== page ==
4. 3-simplices their associativity AAA\phantom{AAA}* AAgAA * f hg h * (hg)f *=* AAgAA * f gf h * h(gf) * \array{ \ast &\overset{ \phantom{AA}g\phantom{AA} }{\longrightarrow}& \ast \\ {}^{\mathllap{f}}\Big\uparrow & \searrow^{\mathrlap{h g}} & \Big\downarrow{}^{\mathrlap{h}} \\ \ast &\underset{ (h g) f }{\longrightarrow}& \ast } \;\;\;\;=\;\;\;\; \array{ \ast &\overset{ \phantom{AA}g\phantom{AA} }{\longrightarrow}& \ast \\ {}^{\mathllap{f}}\Big\uparrow & {}^{\mathllap{ g f }}\nearrow & \Big\downarrow{}^{\mathrlap{h}} \\ \ast &\underset{ h (g f) }{\longrightarrow}& \ast }

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An adjunction between model categories

AAA\phantom{AAA}is called a Quillen adjunction

AAA\phantom{AAA}𝒞 Qu QuRL𝒟 \mathcal{C} \; \underoverset {\underset{R}{\longrightarrow}} {\overset{L}{\longleftarrow}} {\phantom{{}_{Qu}}\bot_{Qu}} \; \mathcal{D}

AAA\phantom{AAA}if, very roughly (see here)

  1. the left adjoint preserves cylinder objects;

  2. the right adjoint preserves path space objects.

This induces an adjunction of derived functors on homotopy categories

AAA\phantom{AAA}Ho(𝒞)AAAAR𝕃LHo(𝒟) Ho(\mathcal{C}) \; \underoverset {\underset{\mathbb{R}R}{\longrightarrow}} {\overset{\mathbb{L}L}{\longleftarrow}} {\phantom{AA}\bot\phantom{AA}} \; Ho(\mathcal{D})

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This is a Quillen equivalence if the derived adjunction is an equivalence of categories

AAA\phantom{AAA}Ho(𝒞)AAAAR𝕃LHo(𝒟) Ho(\mathcal{C}) \; \underoverset {\underset{\mathbb{R}R}{\longrightarrow}} {\overset{\mathbb{L}L}{\longleftarrow}} {\phantom{AA}\simeq\phantom{AA}} \; Ho(\mathcal{D})

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Example

simplicial and topological homotopy theory are Quillen equivalent

AAAAA\phantom{AAAAA}Top QuA Qu QuASing||sSet Qu Top_{Qu} \; \underoverset {\underset{Sing}{\longrightarrow}} {\overset{{\vert-\vert}}{\longleftarrow}} {\phantom{A}\phantom{{}_{Qu}}\simeq_{Qu}\phantom{A}} \; sSet_{Qu}

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AAAAA\phantom{AAAAA}Ho(Top)AAAASing𝕃||Ho(sSet) Ho(Top) \; \underoverset {\underset{\mathbb{R}Sing}{\longrightarrow}} {\overset{\mathbb{L}{\vert-\vert}}{\longleftarrow}} {\phantom{AA}\simeq\phantom{AA}} \; Ho(sSet)

via forming

(Quillen 67)

Hence both represent

the homotopy theory of ∞-groupoids.

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Remarkable richness of homotopy theory:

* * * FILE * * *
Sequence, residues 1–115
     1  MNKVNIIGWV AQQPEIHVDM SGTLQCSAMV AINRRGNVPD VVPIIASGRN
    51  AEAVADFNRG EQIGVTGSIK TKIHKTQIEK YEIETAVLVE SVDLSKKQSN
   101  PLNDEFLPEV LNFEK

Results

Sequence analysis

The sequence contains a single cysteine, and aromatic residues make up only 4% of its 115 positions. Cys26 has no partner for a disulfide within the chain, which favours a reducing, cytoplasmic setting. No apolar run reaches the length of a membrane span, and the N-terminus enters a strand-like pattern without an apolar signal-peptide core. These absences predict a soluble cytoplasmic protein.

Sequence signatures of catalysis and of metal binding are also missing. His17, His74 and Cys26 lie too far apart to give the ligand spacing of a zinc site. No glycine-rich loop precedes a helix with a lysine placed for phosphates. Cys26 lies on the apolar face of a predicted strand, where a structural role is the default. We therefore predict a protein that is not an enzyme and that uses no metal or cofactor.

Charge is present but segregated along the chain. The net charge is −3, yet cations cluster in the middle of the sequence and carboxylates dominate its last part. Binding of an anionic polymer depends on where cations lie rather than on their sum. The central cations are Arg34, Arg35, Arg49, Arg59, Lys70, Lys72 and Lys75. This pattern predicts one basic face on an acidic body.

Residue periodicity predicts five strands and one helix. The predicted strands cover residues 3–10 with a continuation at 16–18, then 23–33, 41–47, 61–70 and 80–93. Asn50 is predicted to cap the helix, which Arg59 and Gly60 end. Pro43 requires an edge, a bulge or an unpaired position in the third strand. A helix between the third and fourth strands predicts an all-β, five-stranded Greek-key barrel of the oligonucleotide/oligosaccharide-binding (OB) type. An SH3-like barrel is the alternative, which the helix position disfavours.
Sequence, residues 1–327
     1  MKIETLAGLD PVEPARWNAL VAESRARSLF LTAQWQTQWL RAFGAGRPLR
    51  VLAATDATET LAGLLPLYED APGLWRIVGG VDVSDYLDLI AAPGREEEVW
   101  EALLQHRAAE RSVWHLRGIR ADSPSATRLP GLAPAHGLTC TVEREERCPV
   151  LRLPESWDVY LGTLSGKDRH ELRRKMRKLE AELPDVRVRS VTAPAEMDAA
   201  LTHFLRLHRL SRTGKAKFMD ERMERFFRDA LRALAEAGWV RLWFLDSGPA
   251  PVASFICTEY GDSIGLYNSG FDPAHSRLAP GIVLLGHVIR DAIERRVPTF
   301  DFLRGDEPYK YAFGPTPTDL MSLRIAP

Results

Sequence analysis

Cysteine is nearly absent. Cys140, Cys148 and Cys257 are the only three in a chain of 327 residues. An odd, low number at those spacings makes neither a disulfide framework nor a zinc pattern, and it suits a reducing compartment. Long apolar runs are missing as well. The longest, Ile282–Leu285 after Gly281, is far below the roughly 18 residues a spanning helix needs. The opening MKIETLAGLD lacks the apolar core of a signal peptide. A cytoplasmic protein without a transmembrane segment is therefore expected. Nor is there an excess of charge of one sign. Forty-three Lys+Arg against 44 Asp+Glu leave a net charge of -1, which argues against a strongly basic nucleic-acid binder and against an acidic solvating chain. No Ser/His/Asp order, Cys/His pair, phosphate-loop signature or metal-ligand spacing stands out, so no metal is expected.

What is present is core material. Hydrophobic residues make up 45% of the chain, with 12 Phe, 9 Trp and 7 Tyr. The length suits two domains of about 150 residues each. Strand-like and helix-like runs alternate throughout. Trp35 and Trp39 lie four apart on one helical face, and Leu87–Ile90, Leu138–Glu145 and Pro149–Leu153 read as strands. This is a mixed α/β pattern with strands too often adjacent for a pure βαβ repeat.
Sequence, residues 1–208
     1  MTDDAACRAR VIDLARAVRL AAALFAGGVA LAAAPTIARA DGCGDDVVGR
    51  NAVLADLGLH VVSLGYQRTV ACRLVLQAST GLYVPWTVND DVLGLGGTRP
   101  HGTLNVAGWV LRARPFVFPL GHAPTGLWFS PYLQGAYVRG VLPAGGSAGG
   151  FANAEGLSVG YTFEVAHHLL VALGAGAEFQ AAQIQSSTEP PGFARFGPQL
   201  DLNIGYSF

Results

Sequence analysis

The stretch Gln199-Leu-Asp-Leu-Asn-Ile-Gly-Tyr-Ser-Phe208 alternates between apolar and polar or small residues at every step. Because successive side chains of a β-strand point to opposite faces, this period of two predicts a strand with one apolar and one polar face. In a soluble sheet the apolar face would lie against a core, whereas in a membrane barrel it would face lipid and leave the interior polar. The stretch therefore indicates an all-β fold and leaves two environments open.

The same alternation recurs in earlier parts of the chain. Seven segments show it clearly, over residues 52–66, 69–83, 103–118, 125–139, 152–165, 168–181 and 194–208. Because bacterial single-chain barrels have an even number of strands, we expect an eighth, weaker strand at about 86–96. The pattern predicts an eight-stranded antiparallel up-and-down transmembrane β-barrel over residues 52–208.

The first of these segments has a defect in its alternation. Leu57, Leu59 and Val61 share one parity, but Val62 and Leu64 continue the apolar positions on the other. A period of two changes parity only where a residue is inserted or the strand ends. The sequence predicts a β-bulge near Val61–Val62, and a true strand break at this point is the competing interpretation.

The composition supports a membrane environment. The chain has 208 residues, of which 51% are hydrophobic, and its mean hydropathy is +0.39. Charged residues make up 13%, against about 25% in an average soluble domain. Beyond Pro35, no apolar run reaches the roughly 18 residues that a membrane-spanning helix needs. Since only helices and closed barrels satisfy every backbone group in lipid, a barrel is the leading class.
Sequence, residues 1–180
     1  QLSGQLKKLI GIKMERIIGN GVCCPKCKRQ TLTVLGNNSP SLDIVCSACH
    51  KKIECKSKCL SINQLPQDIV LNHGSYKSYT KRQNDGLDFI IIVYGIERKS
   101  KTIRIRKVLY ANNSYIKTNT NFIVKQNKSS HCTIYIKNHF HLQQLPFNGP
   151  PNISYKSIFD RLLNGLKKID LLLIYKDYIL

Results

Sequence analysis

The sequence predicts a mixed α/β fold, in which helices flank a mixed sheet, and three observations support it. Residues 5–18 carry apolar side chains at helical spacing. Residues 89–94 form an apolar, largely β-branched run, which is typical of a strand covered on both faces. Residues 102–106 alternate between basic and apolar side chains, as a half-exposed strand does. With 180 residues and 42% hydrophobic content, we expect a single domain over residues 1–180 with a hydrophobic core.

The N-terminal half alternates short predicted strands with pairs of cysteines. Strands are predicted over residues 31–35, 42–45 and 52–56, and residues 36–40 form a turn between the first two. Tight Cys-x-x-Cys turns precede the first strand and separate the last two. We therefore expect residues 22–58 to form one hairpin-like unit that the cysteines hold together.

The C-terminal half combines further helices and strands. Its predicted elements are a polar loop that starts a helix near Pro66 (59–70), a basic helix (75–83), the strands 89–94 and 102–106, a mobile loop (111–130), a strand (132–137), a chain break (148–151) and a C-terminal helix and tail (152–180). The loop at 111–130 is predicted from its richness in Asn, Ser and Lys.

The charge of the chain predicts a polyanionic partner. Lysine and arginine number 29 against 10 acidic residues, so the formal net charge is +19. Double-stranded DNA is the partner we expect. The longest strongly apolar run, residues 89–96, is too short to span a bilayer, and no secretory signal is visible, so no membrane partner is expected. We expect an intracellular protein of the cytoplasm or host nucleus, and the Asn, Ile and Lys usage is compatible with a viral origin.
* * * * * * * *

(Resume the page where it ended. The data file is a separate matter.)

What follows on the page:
For a pointed object *aA\ast \overset{a}{\to} A and a morphism XcAX \overset{c}{\longrightarrow} A

define the homotopy fiber X^hofib(c)X\widehat X \overset{hofib(c)}{\longrightarrow} X of cc over aa by:

  1. X^\hat X is in the fiber, up to homotopy: AA\phantom{AA}hofib(c)\phantom{hofib(c)}X^ AAcAA * hofib(c) X AAcAA A\array{ \hat X &\overset{\phantom{AA}\phantom{c}\phantom{AA}}{\longrightarrow} & \ast \\ {}^{\mathllap{hofib(c)}}\Big\downarrow &\swArrow& \Big\downarrow\\ X &\underset{\phantom{AA} c \phantom{AA}}{\longrightarrow}& A }

  2. X^\hat X is universal with this property.

Then short exact sequences become long homotopy fiber sequences:

Ω 2A ΩX^ Ωhofib(c) ΩX AΩcA ΩA connectinghomomorphism X^ loop spaceA hofib(c) X AAcAA A \array{ \cdots &\longrightarrow& \Omega^2 A &\overset{}{\longrightarrow}& \Omega \widehat X \\ && && {}^{\mathllap{ \Omega hofib(c) }}\Big\downarrow \\ && &&\Omega X &\overset{\phantom{A} \Omega c \phantom{A}}{\longrightarrow}& \Omega A &\overset{ \text{connecting} \atop \text{homomorphism} }{\longrightarrow}& \widehat X & { \text{loop space} \atop \phantom{A} } \\ && && && && {}^{\mathllap{hofib(c)}}\Big\downarrow \\ && && && && X &\underset{\phantom{AA}c\phantom{AA}}{\longrightarrow}& A }

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example:

higher central extensions 𝔤^\widehat{\mathfrak{g}} of super L-∞ algebras 𝔤\mathfrak{g}

are homotopy fibers of the corresponding cocycles μ p+2\mu_{p+2}:

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AAAAAAAAA\phantom{AAAAAAAAA}𝔤^ hofib(μ p+2) 𝔤 μ p+2 B p+1AAAAAAACEAAAAAAACE(𝔤)[b(p+1,even)]/(db=μ p+2) CE(𝔤) cμ p+2 [c(p+2,even)] \array{ \widehat {\mathfrak{g}} \\ {}^{\mathllap{hofib\left(\mu_{p+2}\right)}}\Big\downarrow \\ \mathfrak{g} &\underset{\mu_{p+2}}{\longrightarrow}& B^{p+1} \mathbb{R} } \phantom{AAAAA} \overset{\phantom{AA}CE\phantom{AA}}{\mapsto} \phantom{AAAAA} \array{ CE(\mathfrak{g})[ \underset{(p+1,even)}{\underbrace{\,b\,}} ]/(d \,b = \mu_{p+2}) \\ \Big\uparrow \\ CE(\mathfrak{g}) &\underset{c \mapsto \mu_{p+2}}{\longleftarrow}& \mathbb{R}[ \underset{(p+2, even)}{\underbrace{\;c\;}} ] }

\,

\,

\,

\,

\,

\,

4) Higher super geometry

\,

So far we have established two ingredients:

\,

  1. realization of the Pauli exclusion principle:

    affine superspaces formally dual to dgc-superalgebras,

    such as super Cartesian spaces, super L-∞ algebroids

    \,

  2. realization of the gauge principle:

    homotopy theory,

    notably of geometrically discrete ∞-groupoids (Kan complexes)

\,

Now to combine this to

supergeometric ∞-groupoids (“∞-stacks”) AA\phantom{AA}inAA\phantom{AA} higher supergeometry.

\,

\,

\,

Consider any category of affine spaces as above

AffineSpaces={AffineSchemes, CartesianSpaces, SuperCartesianSpaces, AffineSpaces \;=\; \left\{ \array{ AffineSchemes, \\ CartesianSpaces, \\ SuperCartesianSpaces, \\ \cdots } \right.

\,

We may bootstrap a notion of generalized spaces:

Geometry as seen by classical sigma-models:

AAA\phantom{AAA}To determine a generalized target space X\mathbf{X}

AAA\phantom{AAA}…consider for each brane worldvolume

AAAAA\phantom{AAAAA} ΣAffineSpaces\Sigma \in AffineSpaces

AAA\phantom{AAA}the collection of sigma-model fields